Former Virginia-Based Attorney Convicted in Multi-Million-Dollar Fraud Schemes
|U.S. Attorney’s Office July 15, 2014|
ALEXANDRIA, VA—Michael Eisner, 32, of Mastic, New York, entered a guilty plea today in connection with several different fraud schemes that Eisner conducted while he was a practicing attorney and licensed member of the Virginia State Bar.
Dana J. Boente, U.S. Attorney for the Eastern District of Virginia; and Valerie Parlave, Assistant Director in Charge of the FBI’s Washington Field Office, made the announcement after the plea was accepted by U.S. District Judge Gerald Bruce Lee.
Eisner was indicted on May 15, 2014 by a federal grand jury, and he pleaded guilty to wire fraud and conspiracy to commit wire fraud. Eisner faces a maximum penalty of twenty years in prison when he is sentenced on October 31, 2014.
In a statement of facts filed with the plea agreement, Eisner admitted to defrauding financial institutions and his own clients of approximately $4.8 million in intended losses. When defrauding financial institutions, Eisner took advantage of the lag time between when a victim financial institution realized that one of Eisner’s checks or credit card payments was fraudulent and when Eisner could obtain real money from that victim. For example, Eisner and co-conspirator Mark Head, who pleaded guilty on Jan. 29, 2014, opened an account at Fidelity Cash Management in K.C.’s name, but without K.C.’s knowledge or permission. Head and Eisner then used that account to issue several large checks to Eisner’s law firm when, in reality, K.C.’s brokerage account never had more than $20 in it. Eisner deposited the checks at various Bank of America branches in northern Virginia and Washington, D.C., and he quickly withdrew approximately $350,000 before Bank of America realized that the checks were fraudulent.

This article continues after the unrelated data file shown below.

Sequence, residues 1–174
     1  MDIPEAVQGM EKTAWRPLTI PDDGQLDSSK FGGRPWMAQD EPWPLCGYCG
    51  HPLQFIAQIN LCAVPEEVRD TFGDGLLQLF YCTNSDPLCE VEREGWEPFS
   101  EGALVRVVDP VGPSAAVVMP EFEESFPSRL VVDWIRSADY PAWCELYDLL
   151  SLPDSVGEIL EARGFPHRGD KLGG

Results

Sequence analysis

In another scheme, Eisner obtained automobile loans from financial institutions, which he purportedly paid off using phony checks. Before the financial institutions realized the checks were phony, they released the automobile titles to Eisner. And before the financial institutions could reclaim title, Eisner worked to sell the automobiles to CarMax so that he could keep the proceeds despite not having valid title to the car.
In addition to these schemes to defraud financial institutions, Eisner admitted to defrauding his own clients of money he was supposed to have kept in trust. For example, around October 2009, A.T. hired Eisner to represent him in a bankruptcy-related legal matter. Eisner was supposed to have kept more than $300,000 of A.T.’s money in a trust account in connection with that bankruptcy. In reality, Eisner used A.T.’s funds for his own personal benefit.
In or about January 2013, Eisner signed an affidavit consenting to the revocation of his license to practice law in the Commonwealth of Virginia. In that affidavit, Eisner acknowledged that he never deposited client funds into a trust account and, in fact, did not have a trust account during the time he conducted this scheme.
This case was investigated by the FBI’s Washington Field Office. Assistant U.S. Attorney Chad Golder is prosecuting the case.
A copy of this press release may be found on the website of the U.S. Attorney’s Office for the Eastern District of Virginia.